We Love Real Beer is hoping to expand up-country too. In KwaZulu-Natal, there’s a Midlands beer route. Here, SHONGWENI BREWERY produces Robson’s bottle-conditioned brews, one of which is DURBAN PALE ALE. Inspired by traditional Indian Pale Ale, this beer is redolent of oranges and tastes like summer. In Johannesburg there are a number of breweries worth visiting too, such as GILROY’S BREWERY in Roodepoort.
The craft beer trend is nothing new; in America small independent breweries are there in their thousands, as they were in pre-prohibition days before the big guys bought them out. Now coming full circle, the global palate is demanding variety and beers that have a sense of place.
It’s later in the week, and in the spirit of playing ‘Nancy Brew’, I head to SAB NEWLANDS BREWERY to investigate the commercial side of beer making. It’s the oldest brewery in the country, established in 1820. Outside are antiquated beer delivery trucks and wagons; one even has a retro Lion Lager logo on the side.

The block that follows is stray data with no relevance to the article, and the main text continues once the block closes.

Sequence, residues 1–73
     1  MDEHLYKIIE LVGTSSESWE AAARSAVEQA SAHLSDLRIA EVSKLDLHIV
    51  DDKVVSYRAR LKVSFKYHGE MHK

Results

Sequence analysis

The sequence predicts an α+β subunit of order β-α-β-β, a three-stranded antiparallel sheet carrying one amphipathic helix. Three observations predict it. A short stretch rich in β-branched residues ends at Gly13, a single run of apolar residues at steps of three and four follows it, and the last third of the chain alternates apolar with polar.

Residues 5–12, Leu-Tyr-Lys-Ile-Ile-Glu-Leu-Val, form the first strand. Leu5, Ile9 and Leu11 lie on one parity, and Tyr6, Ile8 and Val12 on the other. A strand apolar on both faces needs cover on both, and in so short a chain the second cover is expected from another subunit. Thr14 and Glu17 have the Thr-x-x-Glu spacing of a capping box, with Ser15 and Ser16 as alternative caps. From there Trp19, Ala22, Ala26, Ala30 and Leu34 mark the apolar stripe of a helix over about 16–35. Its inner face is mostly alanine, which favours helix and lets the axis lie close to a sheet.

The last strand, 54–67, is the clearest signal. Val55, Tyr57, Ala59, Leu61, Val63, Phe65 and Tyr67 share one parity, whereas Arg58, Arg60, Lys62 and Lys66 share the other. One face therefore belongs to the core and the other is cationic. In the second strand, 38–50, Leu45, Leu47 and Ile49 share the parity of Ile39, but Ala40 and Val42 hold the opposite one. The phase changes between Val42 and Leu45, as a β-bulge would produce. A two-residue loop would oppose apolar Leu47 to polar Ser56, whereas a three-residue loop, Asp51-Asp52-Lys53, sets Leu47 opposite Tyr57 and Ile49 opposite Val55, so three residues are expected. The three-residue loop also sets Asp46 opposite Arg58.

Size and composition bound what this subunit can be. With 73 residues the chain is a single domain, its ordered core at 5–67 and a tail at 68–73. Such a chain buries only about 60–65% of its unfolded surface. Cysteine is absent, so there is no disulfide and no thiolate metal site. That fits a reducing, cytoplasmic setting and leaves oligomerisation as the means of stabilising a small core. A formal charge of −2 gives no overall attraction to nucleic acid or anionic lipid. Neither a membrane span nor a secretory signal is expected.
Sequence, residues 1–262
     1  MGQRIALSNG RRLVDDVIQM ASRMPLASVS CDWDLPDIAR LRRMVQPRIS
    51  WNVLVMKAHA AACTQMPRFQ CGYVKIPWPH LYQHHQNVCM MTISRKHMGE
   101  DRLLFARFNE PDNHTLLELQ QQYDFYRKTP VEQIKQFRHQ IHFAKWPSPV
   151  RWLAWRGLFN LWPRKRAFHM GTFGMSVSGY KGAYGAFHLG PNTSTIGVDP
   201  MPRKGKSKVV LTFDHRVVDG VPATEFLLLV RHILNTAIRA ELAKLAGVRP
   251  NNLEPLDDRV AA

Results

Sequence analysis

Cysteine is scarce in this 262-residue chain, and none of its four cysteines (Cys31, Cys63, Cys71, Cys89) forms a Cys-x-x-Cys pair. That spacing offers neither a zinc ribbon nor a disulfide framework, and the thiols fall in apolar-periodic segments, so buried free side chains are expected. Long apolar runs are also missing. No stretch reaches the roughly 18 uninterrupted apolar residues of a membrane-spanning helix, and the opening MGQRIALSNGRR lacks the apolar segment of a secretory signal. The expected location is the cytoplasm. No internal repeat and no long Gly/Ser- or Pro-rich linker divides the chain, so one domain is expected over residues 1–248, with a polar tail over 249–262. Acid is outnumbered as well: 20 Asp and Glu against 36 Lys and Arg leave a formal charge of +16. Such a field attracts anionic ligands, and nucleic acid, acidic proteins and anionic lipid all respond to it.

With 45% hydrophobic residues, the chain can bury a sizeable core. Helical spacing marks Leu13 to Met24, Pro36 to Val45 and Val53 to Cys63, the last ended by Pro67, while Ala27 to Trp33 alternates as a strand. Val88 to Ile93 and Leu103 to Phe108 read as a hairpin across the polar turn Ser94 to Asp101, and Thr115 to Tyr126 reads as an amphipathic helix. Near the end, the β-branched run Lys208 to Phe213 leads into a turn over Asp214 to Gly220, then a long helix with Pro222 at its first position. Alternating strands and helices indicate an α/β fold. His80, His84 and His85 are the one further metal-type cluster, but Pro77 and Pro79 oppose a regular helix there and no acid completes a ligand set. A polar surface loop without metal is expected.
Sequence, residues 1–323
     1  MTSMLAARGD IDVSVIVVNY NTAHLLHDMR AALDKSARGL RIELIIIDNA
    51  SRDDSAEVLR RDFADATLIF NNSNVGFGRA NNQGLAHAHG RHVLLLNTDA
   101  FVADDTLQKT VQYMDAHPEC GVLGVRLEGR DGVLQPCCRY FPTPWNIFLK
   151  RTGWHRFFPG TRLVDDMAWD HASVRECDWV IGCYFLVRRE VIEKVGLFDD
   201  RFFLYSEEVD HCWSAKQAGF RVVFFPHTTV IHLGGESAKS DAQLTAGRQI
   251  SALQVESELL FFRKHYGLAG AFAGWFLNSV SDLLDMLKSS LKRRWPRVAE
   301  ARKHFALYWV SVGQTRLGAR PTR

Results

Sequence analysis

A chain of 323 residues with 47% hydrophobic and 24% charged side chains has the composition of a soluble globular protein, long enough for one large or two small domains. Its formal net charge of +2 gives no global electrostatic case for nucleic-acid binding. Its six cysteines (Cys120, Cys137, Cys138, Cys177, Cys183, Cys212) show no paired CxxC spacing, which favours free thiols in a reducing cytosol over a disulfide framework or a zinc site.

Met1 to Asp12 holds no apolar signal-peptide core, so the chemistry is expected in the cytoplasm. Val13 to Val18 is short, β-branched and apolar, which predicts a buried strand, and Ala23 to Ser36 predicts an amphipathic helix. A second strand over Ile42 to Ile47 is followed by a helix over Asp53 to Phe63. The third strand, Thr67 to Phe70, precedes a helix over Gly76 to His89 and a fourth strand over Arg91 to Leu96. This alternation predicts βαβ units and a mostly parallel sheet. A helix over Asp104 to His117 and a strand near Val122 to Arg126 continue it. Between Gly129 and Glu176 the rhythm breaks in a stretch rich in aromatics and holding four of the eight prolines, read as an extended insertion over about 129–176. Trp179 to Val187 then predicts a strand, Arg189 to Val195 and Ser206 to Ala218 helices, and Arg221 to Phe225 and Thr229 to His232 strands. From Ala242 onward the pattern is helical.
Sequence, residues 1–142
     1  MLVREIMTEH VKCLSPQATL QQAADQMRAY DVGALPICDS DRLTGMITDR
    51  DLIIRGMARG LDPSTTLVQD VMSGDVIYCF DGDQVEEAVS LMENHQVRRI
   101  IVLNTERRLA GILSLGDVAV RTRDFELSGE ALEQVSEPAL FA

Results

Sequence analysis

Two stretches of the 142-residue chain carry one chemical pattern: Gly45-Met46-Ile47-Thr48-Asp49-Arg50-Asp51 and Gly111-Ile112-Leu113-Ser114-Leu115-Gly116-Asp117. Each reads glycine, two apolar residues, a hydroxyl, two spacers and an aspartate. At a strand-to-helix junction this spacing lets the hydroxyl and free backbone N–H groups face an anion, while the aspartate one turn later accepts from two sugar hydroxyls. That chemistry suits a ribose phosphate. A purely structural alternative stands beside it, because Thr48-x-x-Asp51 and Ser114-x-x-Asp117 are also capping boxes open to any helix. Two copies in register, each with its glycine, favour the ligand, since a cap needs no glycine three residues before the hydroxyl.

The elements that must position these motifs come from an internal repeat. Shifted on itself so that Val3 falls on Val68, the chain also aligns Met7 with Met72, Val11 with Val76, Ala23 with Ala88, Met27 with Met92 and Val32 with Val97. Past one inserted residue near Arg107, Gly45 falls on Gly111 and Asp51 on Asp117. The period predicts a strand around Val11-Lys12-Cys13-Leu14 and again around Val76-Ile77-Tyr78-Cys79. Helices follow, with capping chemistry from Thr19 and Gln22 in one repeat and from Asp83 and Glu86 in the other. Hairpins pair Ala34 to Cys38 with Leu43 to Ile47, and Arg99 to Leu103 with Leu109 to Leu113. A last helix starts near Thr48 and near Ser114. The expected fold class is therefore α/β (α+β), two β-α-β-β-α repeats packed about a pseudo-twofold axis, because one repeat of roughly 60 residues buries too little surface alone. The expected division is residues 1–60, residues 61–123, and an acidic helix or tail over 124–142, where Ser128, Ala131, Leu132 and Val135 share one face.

“Are you looking for me?” asks Reto Jager, walking up to where I’m loitering by the heirlooms. Reto is a fourth generation brewmaster, from a line that originates in Switzerland. His official title is brand brewer, and he oversees a portfolio that consists of CASTLE LAGER, CASTLE LIGHT, PERONI, BLACK LABEL and HANSA as well as a few others. The most apparent, immediate difference from the microbreweries I’ve visited in the past is the size of the plant. We walk through a warren of steel staircases and past conical cement vats. “The average beer drinker in South Africa drinks two litres a day. It would take that person two to three years to empty one of those vats,” he says, pointing at one of them.
Up in the brew house it’s like a sauna. “It’s normally much hotter,” says Reto. “But we aren’t cooking anything at the moment.”